Well here the brief glimpse of spring has well and truly disappeared and we are back into winter. It was just a teasing glimpse of what is to come but most pleasant whilst it lasted. It's not weather to be outside today for although the rain has given way to some sunshine there's a cruel bite in the wind. So I'm staying put by and large today and catching up with indoor tasks. I have been looking back on last years photos deleting the blurry and almost identical ones as I go. 2011 was whirling by until I got to September. Prompted by a recent comment by Laura over at Patiopatch in response to this post and realising that I did not blog about our visit to Great Dixter in Kent in the middle of September, I thought that a post was well overdue. In fact it has been most remiss of me not to post about a most magical day.
Where to start? Great Dixter and Sissinghurst have both been gardens that I have wanted to visit for longer than I care to remember. My previous encounters with the fair county of Kent had been fleeting glimpses through train windows, en route to holiday destinations in France, so I was most excited when we booked last year to spend a week in a cottage in Kent. Finally I thought a chance to visit these renowned gardens. As it turned out we got to Great Dixter but not to Sissinghurst. What can I say as I think that it has all been said before by far more eloquent writers and it must also be one of the world's most photographed gardens and houses ~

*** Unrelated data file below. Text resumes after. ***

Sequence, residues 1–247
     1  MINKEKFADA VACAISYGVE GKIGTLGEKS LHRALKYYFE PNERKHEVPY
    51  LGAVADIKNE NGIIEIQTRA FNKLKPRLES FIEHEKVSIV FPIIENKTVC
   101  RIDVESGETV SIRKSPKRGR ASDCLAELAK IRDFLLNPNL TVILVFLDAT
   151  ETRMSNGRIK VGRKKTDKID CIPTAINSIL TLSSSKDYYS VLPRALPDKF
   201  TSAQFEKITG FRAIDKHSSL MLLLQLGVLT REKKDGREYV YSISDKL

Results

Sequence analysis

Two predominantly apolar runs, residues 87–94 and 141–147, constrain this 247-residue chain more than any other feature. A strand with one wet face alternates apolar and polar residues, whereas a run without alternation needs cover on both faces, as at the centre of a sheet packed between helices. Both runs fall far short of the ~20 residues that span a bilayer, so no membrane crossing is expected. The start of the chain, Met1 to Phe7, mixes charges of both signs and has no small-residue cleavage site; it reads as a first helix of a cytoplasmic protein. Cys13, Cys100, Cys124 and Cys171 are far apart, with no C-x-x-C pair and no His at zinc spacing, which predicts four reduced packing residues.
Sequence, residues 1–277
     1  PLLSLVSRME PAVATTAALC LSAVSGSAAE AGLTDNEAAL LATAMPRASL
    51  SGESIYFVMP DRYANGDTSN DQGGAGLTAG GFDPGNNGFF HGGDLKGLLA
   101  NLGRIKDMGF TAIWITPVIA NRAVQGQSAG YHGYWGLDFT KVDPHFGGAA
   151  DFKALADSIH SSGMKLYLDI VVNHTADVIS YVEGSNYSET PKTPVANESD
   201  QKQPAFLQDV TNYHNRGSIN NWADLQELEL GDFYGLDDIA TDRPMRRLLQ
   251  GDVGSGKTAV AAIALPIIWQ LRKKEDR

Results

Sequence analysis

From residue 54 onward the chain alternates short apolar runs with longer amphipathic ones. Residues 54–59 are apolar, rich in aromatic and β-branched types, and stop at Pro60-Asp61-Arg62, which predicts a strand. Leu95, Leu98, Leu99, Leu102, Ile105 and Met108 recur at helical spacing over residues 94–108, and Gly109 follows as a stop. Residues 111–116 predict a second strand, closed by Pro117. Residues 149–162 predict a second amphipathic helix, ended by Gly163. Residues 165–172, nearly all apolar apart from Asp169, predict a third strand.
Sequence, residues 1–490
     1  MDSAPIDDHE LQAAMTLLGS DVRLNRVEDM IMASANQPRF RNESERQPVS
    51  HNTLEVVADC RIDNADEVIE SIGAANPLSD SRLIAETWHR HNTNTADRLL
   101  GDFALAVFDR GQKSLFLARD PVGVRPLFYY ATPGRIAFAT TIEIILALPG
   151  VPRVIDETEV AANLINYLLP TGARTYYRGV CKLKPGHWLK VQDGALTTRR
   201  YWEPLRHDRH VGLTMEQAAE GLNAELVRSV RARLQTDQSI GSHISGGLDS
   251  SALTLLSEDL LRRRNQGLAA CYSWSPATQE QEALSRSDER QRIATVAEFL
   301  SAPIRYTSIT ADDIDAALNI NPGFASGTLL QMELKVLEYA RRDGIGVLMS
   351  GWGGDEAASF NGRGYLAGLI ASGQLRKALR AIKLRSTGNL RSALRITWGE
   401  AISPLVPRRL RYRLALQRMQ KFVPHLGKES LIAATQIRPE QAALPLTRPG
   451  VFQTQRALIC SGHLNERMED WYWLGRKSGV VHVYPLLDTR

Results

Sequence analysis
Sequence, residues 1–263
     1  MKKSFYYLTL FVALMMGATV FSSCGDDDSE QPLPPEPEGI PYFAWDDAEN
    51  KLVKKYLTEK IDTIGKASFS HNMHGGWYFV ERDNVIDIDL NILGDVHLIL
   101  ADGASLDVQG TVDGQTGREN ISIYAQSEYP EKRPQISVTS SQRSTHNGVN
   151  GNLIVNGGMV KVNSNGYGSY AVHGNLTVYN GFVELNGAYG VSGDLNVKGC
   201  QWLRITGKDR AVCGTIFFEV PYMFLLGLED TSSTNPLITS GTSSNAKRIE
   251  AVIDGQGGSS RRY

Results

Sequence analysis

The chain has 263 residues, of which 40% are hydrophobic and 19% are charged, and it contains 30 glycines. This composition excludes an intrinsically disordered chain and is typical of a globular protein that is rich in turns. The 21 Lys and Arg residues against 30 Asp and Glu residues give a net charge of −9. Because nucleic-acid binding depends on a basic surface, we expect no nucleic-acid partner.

What I will say is that this long waited for visit more than lived up to my expectations. The weather obliged, the planting was sublime and for once I was just as much taken with the house as with the garden. Oh and the delicious chocolate cake we munched sitting outside was an experience in itself. Great Dixter was timeless, tranquil, exciting, colourful and unpretentious and very much a living garden.
Another of the collections of pots for Laura ~
Since our visit I have been reading Christopher Lloyd's books with renewed enthusiasm and understanding. I also treated myself to 'Dear Christo - Memories of Christopher Lloyd at Great Dixter' in which his family and friends describe in writing and photos what Great Dixter means to them. In the words of the introduction the book is "a reminder that each of us takes away something different from a visit to Great Dixter and that it remains with us long after we have left the gates."